Monthly Archives: October 2012

Nanowrimo Kickoff and Writing Workshop Report Card

So, we’re in the blocks ready-set for the start of National Novel Writing Month tomorrow. With my first installment of The Mis(s)fits at the querying stage I’m excited to jump into a new project – Succotashtrophe, a middle-grade sci-fi adventure. I look forward to Nanowrimo as a way to bring more to the forefront (as I still have that necessary day job), and reaffirm my commitment to the craft. What you may not realize is that it is also a great way to get any young people in your household writing too! In my experience natural talents and affinities start to show up early, and the ability to write well is a necessary skill in any profession.

Did you know that Nanowrimo has some seriously great tools for young writers? They have a wonderful set of worksheets on plot, character development, setting – everything.  If you’ve already planned to participate, think about daring a young writer to join you with their own project!

Speaking of learning, as you might recall I signed up for three different workshop experiences a few months ago. Now that I’ve completed them I wanted to pass my take on to you.

Skillshare: Humor Writing ($12)

Skillshare is a website offering a range of online classes on a wide variety of topics. Since it was reasonably priced, I signed up for a five-week class as an experiment. Each week we received reading assignments (generally three). The second week we had to submit a 500-word piece as a first draft, which we would polish over the rest of the time. The teacher offered several short sets of online office hours, where you could ask any questions but they never worked for my schedule. For the first two weeks I diligently completed the reading assignments and turned in my first draft by the deadline. I received one comment and three likes from fellow online classmates. In the larger metro areas groups formed and met in person for critiques, but that’s not an option for me here a good two hours from the nearest reasonably urban area. The online reading assignments continued to arrive, but with so little feedback from the class and none from the teacher (I had expected that she would read our first drafts) I quickly lost interest. I would fail this alternative but the experience of the 500-word piece was somewhat valuable. If you don’t belong to a critique already and you live in a metropolitan area you might find it more valuable.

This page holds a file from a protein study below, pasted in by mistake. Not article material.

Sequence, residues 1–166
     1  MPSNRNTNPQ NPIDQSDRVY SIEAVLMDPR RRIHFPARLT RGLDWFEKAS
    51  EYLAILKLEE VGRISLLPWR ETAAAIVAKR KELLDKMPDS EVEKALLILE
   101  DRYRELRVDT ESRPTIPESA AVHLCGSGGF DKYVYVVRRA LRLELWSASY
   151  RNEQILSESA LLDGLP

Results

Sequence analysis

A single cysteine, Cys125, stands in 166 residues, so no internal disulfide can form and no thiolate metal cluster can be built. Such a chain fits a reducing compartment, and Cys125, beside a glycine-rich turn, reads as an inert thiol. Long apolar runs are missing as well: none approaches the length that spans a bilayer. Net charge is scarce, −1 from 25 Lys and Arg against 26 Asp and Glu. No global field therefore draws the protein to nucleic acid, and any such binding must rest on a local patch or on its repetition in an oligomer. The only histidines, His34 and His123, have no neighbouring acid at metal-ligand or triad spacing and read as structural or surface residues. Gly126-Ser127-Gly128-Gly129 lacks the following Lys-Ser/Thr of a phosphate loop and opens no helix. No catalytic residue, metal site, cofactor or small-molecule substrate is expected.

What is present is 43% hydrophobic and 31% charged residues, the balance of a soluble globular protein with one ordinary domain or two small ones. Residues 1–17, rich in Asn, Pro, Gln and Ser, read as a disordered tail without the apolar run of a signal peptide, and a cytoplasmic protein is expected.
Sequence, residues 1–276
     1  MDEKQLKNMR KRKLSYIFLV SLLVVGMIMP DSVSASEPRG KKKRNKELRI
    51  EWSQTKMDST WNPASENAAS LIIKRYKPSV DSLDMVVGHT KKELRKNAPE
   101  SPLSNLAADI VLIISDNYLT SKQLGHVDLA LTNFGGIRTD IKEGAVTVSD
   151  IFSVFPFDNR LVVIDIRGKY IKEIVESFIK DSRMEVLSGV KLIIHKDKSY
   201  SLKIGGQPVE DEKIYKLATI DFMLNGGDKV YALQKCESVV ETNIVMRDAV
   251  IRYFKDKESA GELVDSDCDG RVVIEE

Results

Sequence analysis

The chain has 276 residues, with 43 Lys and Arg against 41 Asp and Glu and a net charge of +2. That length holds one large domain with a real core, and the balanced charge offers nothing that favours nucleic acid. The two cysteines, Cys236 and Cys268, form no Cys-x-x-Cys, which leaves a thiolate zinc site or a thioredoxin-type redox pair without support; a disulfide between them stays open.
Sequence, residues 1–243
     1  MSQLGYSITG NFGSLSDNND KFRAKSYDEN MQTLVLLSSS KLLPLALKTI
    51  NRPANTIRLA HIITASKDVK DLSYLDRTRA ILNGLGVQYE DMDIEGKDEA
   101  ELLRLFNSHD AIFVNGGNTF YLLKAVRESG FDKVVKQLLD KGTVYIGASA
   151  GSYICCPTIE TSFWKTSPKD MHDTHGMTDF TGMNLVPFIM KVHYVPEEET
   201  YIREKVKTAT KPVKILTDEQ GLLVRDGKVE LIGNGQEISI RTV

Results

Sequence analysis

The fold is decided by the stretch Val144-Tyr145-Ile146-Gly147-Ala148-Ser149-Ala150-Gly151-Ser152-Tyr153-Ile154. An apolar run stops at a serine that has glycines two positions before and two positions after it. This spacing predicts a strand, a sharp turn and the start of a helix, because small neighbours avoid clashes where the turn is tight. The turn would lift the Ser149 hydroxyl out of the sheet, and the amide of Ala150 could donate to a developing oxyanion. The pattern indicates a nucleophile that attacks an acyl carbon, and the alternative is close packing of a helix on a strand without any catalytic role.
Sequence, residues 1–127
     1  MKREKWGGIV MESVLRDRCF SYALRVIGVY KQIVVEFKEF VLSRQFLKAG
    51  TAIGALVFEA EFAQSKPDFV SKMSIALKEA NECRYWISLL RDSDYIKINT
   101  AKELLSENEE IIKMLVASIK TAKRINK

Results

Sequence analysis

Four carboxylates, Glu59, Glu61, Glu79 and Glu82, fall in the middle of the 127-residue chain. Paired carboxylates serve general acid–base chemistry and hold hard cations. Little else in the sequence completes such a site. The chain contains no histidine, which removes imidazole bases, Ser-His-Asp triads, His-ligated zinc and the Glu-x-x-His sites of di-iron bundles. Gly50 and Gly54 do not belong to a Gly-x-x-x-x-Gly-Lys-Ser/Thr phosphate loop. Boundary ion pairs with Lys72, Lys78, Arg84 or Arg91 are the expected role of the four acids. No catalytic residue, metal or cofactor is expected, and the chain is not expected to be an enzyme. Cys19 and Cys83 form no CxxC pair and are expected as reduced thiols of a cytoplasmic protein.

Skillshare Online Humor Writing Class: D


SCBWI Fall Conference (Greektown) $300+ when you include travel expenses

As a relatively new member, this was my first SCBWI experience. I arrived early to take a writing workshop with Libba Bray. The following day we had the full SCBWI program with Libba Bray, her husband/agent Barry Goldblatt and her editor Alvina Ling. I made an effort to meet as many new members as possible during the breaks, but it would have been nice to get a sticker on my badge or something so other attendees could recognize me as a new member. Libba’s sessions were wonderful, she gave us a series of writing prompts with time to just write with no inhibitions. I have never used writing prompts in the past but after seeing the results I’m going to make an effort to make them a more steady habit. Alvina Ling typically does not accept unagented work, but she gave attendees a submission window, which was a nice little perk.

SCBWI Fall Conference: B+


Writers Digest Crafting MG/YA for Today’s Market with Mary Kole ($75)